Two thirds of the paricipants ended up complying with the researcher’s order, and carried out the macabre execution. In any case, the remaining third had to witness the beheading, performed by Landis himself.
As we said, the subjects were mainly other students, but one notable exception was a 13 years-old boy who happened to be at the department as a patient, on the account of psychological issues and high blood pressure. His reaction was documented by Landis’ ruthless snapshots.

Perhaps the most embarassing aspect of the whole story was that the final results for this cruel test — which no ethical board would today authorize — were not even particularly noteworthy.
Landis, in his Studies of Emotional Reactions, II., General Behavior and Facial Expression (published on the Journal of Comparative Psychology, 4 [5], 447-509) came to these conclusions:

1) there is no typical facial expression accompanying any emotion aroused in the experiment;
2) emotions are not characterized by a typical expression or recurring pattern of muscular behavior;
3) smiling was the most common reaction, even during unpleasant experiences;
4) asymmetrical bodily reactions almost never occurred;
5) men were more expressive than women.

Hardly anything that could justify a mouse massacre, and the trauma inflicted upon the paritcipants.

After obtaining his degree, Carney Landis devoted himself to sexual psychopatology. He went on to have a brillant carreer at the New York State Psychiatric Institute. And he never harmed a rodent again, despite the fact that he is now mostly remembered for this ill-considered juvenile experiment rather than for his subsequent fourty years of honorable research.

There is, however, one last detail worth mentioning.
Alex Boese in his Elephants On Acid, underlines how the most interesting figure of all this bizarre experiment went unnoticed: the fact that two thirds of the subjects, although protesting and suffering, obeyed the terrible order.
And this percentage is in fact similar to the one recorded during the infamous Milgram experiment, in which a scientist commanded the subjects to inflict an electric shock to a third individual (in reality, an actor who pretended to receive the painful discharge). In that case as well, despite the ethical conflict, the simple fact that the order came from an authority figure was enough to push the subjects into carrying out an action they perceived as aberrant.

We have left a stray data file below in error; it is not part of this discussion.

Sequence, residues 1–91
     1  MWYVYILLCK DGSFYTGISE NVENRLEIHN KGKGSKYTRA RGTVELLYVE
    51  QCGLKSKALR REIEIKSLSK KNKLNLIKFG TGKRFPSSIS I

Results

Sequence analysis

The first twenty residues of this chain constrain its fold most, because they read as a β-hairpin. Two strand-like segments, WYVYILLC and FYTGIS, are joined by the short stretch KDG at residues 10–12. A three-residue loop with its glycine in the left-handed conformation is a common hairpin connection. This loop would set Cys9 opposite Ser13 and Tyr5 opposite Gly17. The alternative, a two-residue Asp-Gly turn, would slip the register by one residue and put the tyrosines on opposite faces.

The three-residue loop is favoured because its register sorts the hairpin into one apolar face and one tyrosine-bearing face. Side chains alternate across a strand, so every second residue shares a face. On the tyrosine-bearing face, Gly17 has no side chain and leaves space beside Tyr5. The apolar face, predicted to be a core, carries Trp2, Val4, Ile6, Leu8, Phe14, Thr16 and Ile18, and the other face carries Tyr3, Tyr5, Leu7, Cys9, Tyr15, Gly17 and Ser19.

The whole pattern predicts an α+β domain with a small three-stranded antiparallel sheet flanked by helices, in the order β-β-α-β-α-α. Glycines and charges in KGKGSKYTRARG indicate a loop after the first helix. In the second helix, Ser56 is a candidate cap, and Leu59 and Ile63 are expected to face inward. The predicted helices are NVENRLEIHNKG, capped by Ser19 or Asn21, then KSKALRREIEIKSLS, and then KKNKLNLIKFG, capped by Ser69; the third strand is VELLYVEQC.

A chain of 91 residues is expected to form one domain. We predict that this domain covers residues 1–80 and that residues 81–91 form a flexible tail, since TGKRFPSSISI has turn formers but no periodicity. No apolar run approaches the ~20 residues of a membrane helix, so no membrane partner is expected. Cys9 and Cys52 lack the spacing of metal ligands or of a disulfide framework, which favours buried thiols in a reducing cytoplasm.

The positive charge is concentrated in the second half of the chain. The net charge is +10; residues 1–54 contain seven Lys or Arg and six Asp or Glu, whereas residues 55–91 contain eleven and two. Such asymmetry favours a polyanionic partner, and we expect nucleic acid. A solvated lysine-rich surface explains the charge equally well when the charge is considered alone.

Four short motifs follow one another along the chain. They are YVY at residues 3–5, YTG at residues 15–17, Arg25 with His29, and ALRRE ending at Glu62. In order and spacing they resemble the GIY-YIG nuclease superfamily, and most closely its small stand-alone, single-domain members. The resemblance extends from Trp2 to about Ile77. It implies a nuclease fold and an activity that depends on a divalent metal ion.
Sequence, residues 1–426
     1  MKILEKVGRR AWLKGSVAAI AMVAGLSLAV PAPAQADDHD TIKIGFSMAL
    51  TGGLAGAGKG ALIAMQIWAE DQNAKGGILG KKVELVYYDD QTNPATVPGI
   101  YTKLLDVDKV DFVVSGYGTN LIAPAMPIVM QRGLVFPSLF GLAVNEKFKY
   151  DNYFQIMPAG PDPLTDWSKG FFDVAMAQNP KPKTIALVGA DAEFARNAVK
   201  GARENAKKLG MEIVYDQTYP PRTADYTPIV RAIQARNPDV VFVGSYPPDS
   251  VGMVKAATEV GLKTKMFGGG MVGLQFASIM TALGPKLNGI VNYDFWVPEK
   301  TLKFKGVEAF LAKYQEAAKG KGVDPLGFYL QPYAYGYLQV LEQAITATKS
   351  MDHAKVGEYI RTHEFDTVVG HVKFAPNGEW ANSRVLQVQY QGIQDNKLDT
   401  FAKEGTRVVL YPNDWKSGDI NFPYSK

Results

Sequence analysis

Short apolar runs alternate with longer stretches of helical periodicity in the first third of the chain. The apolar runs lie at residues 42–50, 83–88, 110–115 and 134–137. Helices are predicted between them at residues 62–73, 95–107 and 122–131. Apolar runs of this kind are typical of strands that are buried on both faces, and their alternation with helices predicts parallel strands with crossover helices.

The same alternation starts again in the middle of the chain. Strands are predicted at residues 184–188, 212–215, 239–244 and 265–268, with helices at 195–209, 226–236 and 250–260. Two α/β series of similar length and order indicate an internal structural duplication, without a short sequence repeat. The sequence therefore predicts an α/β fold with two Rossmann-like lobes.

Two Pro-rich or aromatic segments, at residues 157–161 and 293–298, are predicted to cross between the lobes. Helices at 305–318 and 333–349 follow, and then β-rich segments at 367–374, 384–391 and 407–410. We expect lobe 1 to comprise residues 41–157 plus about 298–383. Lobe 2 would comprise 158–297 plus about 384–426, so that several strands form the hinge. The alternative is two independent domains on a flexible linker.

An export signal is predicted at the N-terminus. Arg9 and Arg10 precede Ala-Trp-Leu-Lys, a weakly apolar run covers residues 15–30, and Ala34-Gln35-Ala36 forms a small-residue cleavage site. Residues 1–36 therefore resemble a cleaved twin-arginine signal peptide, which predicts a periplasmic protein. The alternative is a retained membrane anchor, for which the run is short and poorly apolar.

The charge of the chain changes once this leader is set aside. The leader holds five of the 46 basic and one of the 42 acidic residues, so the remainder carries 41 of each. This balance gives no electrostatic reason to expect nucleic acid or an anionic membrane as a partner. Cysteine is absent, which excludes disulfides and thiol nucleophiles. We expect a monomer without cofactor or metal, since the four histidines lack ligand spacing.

The Milgram experiment took place in 1961, almost forty years after the Landis experiment. “It is often this way with experiments — says Boese — A scientis sets out to prove one thing, but stumbles upon something completely different, something far more intriguing. For this reason, good researchers know they should always pay close attention to strange events that occur during their experiments. A great discovery might be lurking right beneath their eyes – or beneath te blade of their knife.

On facial expressions related to emotions, see also my former post on Guillaume Duchenne (sorry, Italian language only).

La biblioteca delle meraviglie IV

Paolo Albani e Paolo Della Bella


(1999, Zanichelli)

Raymond Queneau (l’autore di Esercizi di stile, I fiori blu e Zazie nel metrò, per intenderci) aveva in progetto di compilare una “Enciclopedia delle scienze inesatte”; la ricerca avrebbe dovuto essere inclusa nei suoi studi sui fous littéraires, cioè quegli autori che non seguono strade battute e “integrate” nella società in cui vivono. Partendo da questa idea, Albani e Della Bella realizzano quello che è a tutt’oggi il più completo e indispensabile compendio enciclopedico sulle scienze anomale. Indispensabile, perché ci permette di curiosare in una galassia semisepolta di teorie bislacche, folli o magari plausibili ma dimenticate; e poi perché approcciarsi a queste scienze “non ortodosse”, se da un lato diverte, e molto, dall’altro spinge a riflettere. Ogni voce dell’enciclopedia è contrassegnata da un simbolo che rimanda a diversi ambiti o categorie, in modo da comprendere subito di cosa stiamo parlando. Le dieci categorie sono le seguenti:

1. Scienze e teorie elaborate da eterodossi scientifici e mattoidi scienziati;